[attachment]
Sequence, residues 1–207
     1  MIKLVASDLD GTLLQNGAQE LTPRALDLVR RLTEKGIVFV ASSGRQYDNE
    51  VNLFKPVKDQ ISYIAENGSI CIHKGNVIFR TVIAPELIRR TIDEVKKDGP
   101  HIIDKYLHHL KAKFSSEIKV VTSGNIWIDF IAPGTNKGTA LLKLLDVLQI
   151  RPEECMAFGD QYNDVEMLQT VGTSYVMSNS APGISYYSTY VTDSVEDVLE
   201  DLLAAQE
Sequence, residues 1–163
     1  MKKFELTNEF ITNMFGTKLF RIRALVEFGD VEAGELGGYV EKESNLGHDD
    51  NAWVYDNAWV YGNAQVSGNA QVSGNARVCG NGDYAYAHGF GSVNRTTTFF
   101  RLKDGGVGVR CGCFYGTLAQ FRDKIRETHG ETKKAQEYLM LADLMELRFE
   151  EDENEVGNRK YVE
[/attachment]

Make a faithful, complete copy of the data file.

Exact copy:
Sequence, residues 1–207
     1  MIKLVASDLD GTLLQNGAQE LTPRALDLVR RLTEKGIVFV ASSGRQYDNE
    51  VNLFKPVKDQ ISYIAENGSI CIHKGNVIFR TVIAPELIRR TIDEVKKDGP
   101  HIIDKYLHHL KAKFSSEIKV VTSGNIWIDF IAPGTNKGTA LLKLLDVLQI
   151  RPEECMAFGD QYNDVEMLQT VGTSYVMSNS APGISYYSTY VTDSVEDVLE
   201  DLLAAQE
Sequence, residues 1–163
     1  MKKFELTNEF ITNMFGTKLF RIRALVEFGD VEAGELGGYV EKESNLGHDD
    51  NAWVYDNAWV YGNAQVSGNA QVSGNARVCG NGDYAYAHGF GSVNRTTTFF
   101  RLKDGGVGVR CGCFYGTLAQ FRDKIRETHG ETKKAQEYLM LADLMELRFE
   151  EDENEVGNRK YVE